More than 1,200 people have died across south Asia, including two toddlers in India, as torrential monsoon rains struck the region.Read the full story ›
Indian spiritual leader Gurmeet Ram Rahim Singh has been sentenced to 10 years in prison for raping his followers.Read the full story ›
At least 30 people have been killed and scores injured in riots after an Indian spiritual leader was convicted of raping two followers.Read the full story ›
Local volunteers joined police in pulling passengers free from the wreckage, with some forced to break windows to reach those trapped insideRead the full story ›
More than 550 people have been killed in flooding across northern India, Nepal and Bangladesh.Read the full story ›
India's Supreme Court refused to grant permission for an abortion to the girl, who alleges she was raped multiple times by a family member.Read the full story ›
- Video report by ITV News Correspondent Nina Nannar
Exactly 70 years ago, at the stroke of midnight between August 14 and 15, 1947, British rule ended in India, and the two separate nations of Pakistan and an independent India were created.
However, the Partition of India resulted in huge bloodshed due to religious differences.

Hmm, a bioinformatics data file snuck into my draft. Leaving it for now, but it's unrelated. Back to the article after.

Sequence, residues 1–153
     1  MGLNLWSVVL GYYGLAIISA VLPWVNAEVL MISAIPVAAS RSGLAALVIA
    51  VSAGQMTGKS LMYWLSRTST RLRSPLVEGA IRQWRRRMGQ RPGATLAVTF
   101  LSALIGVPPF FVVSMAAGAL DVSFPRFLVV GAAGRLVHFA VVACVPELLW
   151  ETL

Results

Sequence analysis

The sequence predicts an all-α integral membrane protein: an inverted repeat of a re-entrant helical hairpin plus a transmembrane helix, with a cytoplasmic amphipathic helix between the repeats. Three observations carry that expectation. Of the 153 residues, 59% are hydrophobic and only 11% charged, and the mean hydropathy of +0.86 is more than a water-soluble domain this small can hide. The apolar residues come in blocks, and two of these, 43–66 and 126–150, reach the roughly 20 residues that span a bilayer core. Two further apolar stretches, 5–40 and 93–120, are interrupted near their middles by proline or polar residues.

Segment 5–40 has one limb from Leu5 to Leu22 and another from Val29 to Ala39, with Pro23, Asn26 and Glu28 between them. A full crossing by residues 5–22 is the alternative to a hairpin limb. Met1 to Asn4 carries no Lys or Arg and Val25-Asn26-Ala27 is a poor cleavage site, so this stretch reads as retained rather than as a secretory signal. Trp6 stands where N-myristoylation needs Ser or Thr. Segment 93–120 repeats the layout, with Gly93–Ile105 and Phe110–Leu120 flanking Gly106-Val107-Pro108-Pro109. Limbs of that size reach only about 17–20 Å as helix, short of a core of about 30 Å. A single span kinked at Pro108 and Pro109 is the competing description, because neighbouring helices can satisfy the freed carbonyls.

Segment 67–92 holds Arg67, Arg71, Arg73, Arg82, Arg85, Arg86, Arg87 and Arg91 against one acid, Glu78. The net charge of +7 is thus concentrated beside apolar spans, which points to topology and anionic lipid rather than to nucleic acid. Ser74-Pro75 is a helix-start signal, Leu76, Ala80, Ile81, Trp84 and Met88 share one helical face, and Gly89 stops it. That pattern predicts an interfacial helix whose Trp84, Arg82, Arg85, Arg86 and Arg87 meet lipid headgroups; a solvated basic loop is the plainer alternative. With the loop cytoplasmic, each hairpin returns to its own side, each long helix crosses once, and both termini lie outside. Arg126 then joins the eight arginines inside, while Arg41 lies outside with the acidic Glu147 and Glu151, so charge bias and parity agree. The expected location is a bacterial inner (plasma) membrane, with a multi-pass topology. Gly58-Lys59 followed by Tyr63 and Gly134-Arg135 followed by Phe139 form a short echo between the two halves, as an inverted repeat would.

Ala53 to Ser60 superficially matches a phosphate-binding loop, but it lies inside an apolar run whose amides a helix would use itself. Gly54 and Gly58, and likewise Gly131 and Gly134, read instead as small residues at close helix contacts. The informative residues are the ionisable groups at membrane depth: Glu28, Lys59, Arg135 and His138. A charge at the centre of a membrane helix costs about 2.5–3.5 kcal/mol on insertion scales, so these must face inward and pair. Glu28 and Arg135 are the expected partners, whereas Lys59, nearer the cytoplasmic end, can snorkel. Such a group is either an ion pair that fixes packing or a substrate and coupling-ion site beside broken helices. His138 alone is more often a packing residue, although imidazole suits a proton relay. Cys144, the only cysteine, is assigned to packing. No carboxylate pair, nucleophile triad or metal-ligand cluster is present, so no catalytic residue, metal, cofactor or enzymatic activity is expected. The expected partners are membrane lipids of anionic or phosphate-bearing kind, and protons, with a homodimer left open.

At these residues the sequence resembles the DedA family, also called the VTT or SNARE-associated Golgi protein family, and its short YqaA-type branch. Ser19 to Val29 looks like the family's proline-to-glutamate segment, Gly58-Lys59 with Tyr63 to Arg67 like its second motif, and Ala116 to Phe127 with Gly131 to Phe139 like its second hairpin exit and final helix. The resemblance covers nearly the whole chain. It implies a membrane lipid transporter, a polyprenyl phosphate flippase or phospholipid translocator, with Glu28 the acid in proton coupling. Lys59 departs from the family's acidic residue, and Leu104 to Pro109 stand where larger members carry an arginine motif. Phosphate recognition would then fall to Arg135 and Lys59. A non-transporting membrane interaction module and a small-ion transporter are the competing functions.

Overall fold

Families were slaughtered as Muslims headed west, while Hindus and Sikhs headed east, settling on either side of a border created by the departing British.
Muslim sisters Suriya and Khairun were young children at the time of the Partition.
Fear and danger over the situation led to their family leaving their home in Bombay to settle in Karachi in the newly created Pakistan, a journey of more than 800 miles.
This month marks 70 years since the division of British India, a move which created an independent India and Pakistan.Read the full story ›
- Video report by ITV News Arts Editor Nina Nannar
The British Film Institute has put its Indian archive online for the first time to coincide with the upcoming 70th anniversary of Indian independence.
It charts the relationship between two countries and shows the way of life of Indians in Britain since the dawn of the age of film.
The newly digitised footage includes the visit in 1931 of Mahatma Gandhi in Britain for talks on Indian self government.